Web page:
President Trump wants to get you into a new car of your choice for less money and sooner rather than later. To make that happen, his administration has just proposed to eliminate the pointless and expensive fuel economy standards for cars and light trucks issued by the Obama administration in 2012.
Pursuant to legislation passed during the now-over 1970s energy crisis, the Obama administration issued rules ordering carmakers to improve the average miles per gallon of their car fleets (called the Corporate Average Fuel Economy or “CAFE”) from about 27 miles per gallon (MPG) in 2012 to 50 MPG by the year 2025. The purpose of the new standards was to reduce fuel consumption and carbon dioxide emissions that supposedly contribute to climate change.
The problem, however, is that the carmakers have no magic technology on the drawing boards that would meet such tough standards. The only means for meeting the standards is to sell more low-profit electric vehicles and other small cars as opposed to the far more in-demand and highly profitable SUVs, pick-up trucks and crossover vehicles.
The carmakers acquiesced to the Obama rule in 2012 because they had just been bailed out of the 2008-2009 financial crisis by the Obama administration and, at the time, no one could imagine a future Trump deregulatory juggernaut. Carmakers also felt that they could always negotiate with the government in the future for time to meet the standards in the event no feasible technology was developed.
The Trump National Highway Safety Traffic Administration (NHTSA) and the Environmental Protection Agency (EPA) are proposing to basically freeze the CAFE standards at what they will be in 2020 (about 37 MPG) for the next 10 years.
The proposal is estimated by the Trump NHTSA/EPA to save consumers about $2,300 per new car and also to save about 1,000 lives per year, based on consumers being able to afford newer and safer cars sooner and also because higher fuel costs will curb driving.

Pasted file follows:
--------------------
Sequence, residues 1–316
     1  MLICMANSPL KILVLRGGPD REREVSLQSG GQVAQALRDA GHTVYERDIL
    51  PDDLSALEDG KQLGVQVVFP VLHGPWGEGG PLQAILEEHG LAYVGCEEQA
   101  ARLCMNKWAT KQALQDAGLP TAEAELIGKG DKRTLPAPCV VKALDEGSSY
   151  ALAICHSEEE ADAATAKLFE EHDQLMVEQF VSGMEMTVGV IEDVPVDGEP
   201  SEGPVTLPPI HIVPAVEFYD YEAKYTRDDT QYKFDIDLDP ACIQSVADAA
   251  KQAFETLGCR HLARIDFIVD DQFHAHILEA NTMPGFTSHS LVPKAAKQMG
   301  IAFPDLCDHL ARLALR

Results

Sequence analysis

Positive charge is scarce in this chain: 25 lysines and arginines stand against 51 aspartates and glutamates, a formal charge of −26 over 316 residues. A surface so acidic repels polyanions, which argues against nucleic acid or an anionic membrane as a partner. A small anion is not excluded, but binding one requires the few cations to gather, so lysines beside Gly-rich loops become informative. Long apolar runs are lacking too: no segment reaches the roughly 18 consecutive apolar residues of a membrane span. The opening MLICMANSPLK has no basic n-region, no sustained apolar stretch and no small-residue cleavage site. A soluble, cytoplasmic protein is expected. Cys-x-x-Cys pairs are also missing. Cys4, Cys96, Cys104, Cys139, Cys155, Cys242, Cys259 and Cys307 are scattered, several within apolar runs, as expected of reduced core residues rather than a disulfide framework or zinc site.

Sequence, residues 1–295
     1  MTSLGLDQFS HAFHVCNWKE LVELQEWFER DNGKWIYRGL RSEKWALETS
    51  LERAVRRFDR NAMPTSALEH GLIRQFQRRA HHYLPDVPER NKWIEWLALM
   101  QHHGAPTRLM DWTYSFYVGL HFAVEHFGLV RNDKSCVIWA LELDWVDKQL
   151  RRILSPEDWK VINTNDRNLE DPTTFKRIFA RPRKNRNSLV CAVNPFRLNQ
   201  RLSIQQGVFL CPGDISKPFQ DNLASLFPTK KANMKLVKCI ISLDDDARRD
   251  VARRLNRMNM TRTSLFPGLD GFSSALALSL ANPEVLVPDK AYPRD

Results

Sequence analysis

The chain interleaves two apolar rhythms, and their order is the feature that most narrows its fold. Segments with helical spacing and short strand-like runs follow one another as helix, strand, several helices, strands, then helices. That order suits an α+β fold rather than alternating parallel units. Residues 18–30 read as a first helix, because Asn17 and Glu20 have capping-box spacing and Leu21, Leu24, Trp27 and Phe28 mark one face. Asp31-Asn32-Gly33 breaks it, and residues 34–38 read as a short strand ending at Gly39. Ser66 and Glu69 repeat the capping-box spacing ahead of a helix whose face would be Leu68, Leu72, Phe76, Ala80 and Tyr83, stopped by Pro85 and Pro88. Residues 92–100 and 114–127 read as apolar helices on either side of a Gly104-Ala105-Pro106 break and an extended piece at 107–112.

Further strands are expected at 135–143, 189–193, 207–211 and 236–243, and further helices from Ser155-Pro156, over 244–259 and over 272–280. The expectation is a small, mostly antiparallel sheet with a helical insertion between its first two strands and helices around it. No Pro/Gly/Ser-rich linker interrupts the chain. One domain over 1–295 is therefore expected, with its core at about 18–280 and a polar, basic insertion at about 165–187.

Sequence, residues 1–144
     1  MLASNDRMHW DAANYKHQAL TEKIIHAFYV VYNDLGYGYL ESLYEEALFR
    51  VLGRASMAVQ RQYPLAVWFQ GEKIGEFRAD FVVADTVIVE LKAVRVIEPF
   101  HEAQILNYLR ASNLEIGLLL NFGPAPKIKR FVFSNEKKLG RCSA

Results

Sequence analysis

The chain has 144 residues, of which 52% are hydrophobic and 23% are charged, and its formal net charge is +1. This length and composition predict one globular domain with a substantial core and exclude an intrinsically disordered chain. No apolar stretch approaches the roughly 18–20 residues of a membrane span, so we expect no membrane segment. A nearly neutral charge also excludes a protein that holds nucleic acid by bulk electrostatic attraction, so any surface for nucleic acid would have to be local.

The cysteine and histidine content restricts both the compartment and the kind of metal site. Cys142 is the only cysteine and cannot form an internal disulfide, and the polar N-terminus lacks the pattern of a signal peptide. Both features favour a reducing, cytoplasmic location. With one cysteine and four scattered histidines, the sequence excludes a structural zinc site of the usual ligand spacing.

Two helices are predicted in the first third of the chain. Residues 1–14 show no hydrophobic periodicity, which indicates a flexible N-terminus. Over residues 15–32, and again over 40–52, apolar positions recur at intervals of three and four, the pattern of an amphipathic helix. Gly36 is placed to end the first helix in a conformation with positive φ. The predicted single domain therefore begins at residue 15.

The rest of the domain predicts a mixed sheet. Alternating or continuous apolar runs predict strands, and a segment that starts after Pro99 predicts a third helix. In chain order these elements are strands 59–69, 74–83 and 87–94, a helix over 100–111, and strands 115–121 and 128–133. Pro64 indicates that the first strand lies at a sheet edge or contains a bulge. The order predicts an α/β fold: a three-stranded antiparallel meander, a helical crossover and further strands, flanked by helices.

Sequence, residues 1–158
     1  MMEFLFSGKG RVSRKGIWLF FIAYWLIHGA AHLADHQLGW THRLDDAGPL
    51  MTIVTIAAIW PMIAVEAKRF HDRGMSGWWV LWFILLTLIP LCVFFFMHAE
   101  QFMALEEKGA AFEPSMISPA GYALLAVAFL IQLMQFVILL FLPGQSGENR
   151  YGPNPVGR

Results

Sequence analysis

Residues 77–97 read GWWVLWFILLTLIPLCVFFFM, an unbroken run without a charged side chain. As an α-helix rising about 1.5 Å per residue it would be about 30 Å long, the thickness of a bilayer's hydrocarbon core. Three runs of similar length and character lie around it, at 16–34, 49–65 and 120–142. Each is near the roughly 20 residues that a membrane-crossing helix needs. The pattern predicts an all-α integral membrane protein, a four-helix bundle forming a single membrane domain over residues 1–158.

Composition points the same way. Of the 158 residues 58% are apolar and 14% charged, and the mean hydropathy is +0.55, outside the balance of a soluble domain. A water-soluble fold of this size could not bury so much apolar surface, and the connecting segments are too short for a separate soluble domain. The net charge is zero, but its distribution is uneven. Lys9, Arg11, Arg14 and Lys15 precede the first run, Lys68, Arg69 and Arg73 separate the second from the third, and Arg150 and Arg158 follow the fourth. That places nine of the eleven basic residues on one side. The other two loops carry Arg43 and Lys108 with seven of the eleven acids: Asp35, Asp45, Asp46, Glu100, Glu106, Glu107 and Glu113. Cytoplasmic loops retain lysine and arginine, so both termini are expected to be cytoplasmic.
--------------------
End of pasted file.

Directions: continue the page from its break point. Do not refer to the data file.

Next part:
While the proposal is estimated to increase daily fuel consumption by two to three percent, the good news is that it is no longer the 1970s as we are awash in oil. The Energy Information Administration estimated that in 2019, the U.S. will be the world’s leading producer of oil, topping its 1970 peak of 9.6 million barrels per day by 2.2 million barrels.
Though more gasoline would be burned, the Trump EPA estimates that it will make precious little difference to climate (for those who fret about that). If implemented, the proposal is estimated to increase atmospheric carbon dioxide levels from 789.11 parts per million (under the Obama standards) to 789.76 parts per million by the year 2100 ¾ an 0.08 percent difference. That difference in carbon dioxide level translates into an estimated temperature difference of about 0.003 degrees Celsius ¾ a difference that is not even detectable. The proposal will also have no detectable impact on U.S. air quality.
An important part of the Trump proposal removes California’s ability to be the de facto fuel economy standard setter for the nation, a role Congress had intended for the federal government – not any one state.
When the Clean Air Act Amendments of 1970 were enacted, the federal government was empowered to give California waivers to set its own air quality standards because of special conditions that existed in California. In 2012, the Obama administration expanded these waivers to cover carbon dioxide emissions even though those emissions have nothing to do with air quality. Carbon dioxide is a colorless, odorless gas that is at the core heart of the climate controversy.
With the waiver but without congressional approval, California effectively became the fuel economy standard setter for the entire nation. Carmakers don’t want to make two lines of cars, one for California and another for other states. And as California is considering a mandate for electric vehicles-only in the not-too-distant future, it’s clear that California cannot be allowed to dictate such policy to the nation.
The Obama CAFE standards were also intended to help meet the future U.S. commitment to reduce greenhouse gases under the Paris Climate Agreement. But President Trump announced last year that the U.S. was pulling out of the Paris agreement.
The Trump proposal would replace the Obama standards’ all-pain-and-no-gain global warming crusade with greater consumer choice, cost savings, improved safety and constitutional government. Sign me up for a new Trump car.